Germany gives green light to €44bn package to Greece
Out of the total 584 MPs 473 voted in favour, with 100 against. Eleven MPs abstained. This comes at a time when public polls in Germany show that 46% of people in the country think Greece must be left to its own devices.
The key to today's vote was the dispute between Chancellor Angela Merkel and Social Democratic Party (SPD). While the SPD said a Greek rescue was essential, as otherwise it would hurt the whole Europe, and Merkel was reportedly more concerned with winning votes at the September 2013 elections.
Failure to approve Greece's revised aid package would have been a major blow to Europe, and also for the global economy, according to Germany Finance Minister Wolfgang Schäuble talking at Friday’s vote in the Bundestag.
The Finance Minister acknowledged the new measures for Greece might cost Germany up to €730mn ($950mn) next year. Analyst estimate a full haircut of Greek rescue loans could cost Germany up to €17bn ($22bn), which is more than 5% of Berlin's Federal budget.
This money will come out of the pockets of German taxpayers, which could become toxic for the current Chancellor in her election bid.
Merkel’s strategy is reported to be as follows: “Do just enough to keep Greece afloat but spare German votersfor now the news that even more of their money will be required to get the Greeks back on their feet,” as the Associated Press says.
So far, Merkel's hard-nosed approach to Europe's debt crisis has bolstered her popularity at home. “Ms. Merkel doesn't want to stand in front of her voters and tell them that the Greek rescue will cost taxpayers a couple of billions,” Christoph Weil, an economist with Commerzbank added.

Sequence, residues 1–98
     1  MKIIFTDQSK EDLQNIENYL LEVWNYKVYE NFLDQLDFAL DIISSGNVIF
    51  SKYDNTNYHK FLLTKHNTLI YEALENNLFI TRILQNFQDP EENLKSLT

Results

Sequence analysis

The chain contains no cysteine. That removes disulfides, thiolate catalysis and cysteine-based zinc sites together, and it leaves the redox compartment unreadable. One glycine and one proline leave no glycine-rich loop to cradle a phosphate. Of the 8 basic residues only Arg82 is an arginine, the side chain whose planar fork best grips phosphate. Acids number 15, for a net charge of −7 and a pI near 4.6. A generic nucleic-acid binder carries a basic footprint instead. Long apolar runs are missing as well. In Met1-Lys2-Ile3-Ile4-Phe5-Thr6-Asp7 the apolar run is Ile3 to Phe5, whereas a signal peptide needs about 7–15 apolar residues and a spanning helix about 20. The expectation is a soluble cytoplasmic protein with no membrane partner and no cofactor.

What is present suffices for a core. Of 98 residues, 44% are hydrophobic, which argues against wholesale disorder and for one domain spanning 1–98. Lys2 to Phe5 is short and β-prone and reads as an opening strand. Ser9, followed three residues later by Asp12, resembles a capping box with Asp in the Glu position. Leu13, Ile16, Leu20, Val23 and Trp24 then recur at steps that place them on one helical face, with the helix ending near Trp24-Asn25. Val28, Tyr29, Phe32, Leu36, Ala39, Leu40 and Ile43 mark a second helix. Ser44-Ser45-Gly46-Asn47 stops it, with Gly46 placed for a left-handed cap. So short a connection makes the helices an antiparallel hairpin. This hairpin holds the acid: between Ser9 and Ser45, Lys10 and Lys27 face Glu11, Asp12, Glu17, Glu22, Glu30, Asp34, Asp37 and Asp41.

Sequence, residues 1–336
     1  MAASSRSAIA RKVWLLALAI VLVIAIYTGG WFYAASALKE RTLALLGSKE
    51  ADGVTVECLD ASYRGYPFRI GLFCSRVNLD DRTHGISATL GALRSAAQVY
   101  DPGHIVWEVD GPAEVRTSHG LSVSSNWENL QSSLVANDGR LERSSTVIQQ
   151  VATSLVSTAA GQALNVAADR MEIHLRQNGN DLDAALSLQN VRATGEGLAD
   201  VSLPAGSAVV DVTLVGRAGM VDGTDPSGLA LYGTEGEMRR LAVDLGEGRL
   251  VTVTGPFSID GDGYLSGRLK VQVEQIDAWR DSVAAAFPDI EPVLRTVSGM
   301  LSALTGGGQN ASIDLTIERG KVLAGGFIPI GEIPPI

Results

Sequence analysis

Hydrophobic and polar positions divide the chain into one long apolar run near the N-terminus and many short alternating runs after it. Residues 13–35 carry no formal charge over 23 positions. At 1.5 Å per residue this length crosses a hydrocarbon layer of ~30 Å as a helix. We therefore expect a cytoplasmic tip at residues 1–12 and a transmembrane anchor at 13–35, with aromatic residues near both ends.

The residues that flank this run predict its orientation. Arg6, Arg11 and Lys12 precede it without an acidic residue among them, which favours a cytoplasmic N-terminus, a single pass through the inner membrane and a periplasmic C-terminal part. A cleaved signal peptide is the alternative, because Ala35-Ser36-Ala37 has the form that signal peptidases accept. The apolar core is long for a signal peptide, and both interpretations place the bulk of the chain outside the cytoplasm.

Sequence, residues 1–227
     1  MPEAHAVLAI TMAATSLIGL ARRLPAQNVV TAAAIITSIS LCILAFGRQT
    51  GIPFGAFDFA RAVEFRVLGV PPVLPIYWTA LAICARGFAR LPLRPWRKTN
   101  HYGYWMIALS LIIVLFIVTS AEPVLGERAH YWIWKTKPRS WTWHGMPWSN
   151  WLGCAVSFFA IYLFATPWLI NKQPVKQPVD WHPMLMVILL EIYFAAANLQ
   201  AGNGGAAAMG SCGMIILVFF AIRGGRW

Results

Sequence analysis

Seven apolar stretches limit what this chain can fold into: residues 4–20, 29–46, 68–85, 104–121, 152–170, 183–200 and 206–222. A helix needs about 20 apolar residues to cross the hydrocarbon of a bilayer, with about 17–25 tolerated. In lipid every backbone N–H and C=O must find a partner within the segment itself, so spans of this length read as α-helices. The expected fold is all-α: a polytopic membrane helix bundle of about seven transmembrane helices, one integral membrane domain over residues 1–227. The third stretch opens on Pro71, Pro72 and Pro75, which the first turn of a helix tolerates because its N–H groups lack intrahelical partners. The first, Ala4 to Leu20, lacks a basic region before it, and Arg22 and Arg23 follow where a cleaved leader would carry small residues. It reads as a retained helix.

At a meantime, SPD parliamentary leader Frank-Walter Steinmeier said Angela Merkel's administration “should have been more explicit about Greece's problems earlier this year,” as The Guardian reports.
Late Monday’sdeal by the finance ministers of the 17 countries that use the euro and the ‘troika’ ofinternational creditors paves the way for Greece to finally receive €44 billion ($57 billion) in critical rescue loans, without which the country would face bankruptcy and a possible exit from the euro. The rescue plan also involved a debt buyback programme, as well as interest rate cut on existing loans.
However, it stops short of forgiving outright debt owed to some euro area countries, including Greece’s leading creditor Germany. Chancellor Angela Merkel's government has strongly opposed a so-called “haircut” in the run-up to elections next autumn.
While the Germany Finance Minister signalled this would be the last time Germany essentially bankrolled the Greek bailout fund, most analysts agree more rescue money wouldn’t necessarily stem the tide.
“…I think, this package is, unfortunately, another ad-hoc measure and not a long-term solution to Greece’s problems,” Nora Hesse, deputy head of the Open Europe Berlin think tank, told RT.
And what EU countries seek to gain when they grant bailout money to indebted countries is to win more time for the troubled economies so that they could take more substantial action. The EU, which registered another unemployment record of 11.7% in October, certainly needs structural reforms, Hesse concluded.
Financial Industry Expert Dr. Jan Hagen told RT the limited loan deal was more to the benefit of other EU leaders than Greece itself.
“They had to provide some funds to Greece, but they’re still shying away from the real need of Greece, and that is a significant write down on the Greek debt, [which] still hasn’t happened. So my projection is that this was one crisis summit, but we’ll definitely see the next one coming in the coming weeks.”
Hagen believes Friday’s vote was cast to help maintain the illusion that EU politicians still have the reins on the eurozone crisis.
“The whole thing is political…Germany is committed to the euro project. German politicians really fear being shown as the nation that brings down the euro, so they try everything to keep the euro intact. I think Germany has no alternative.”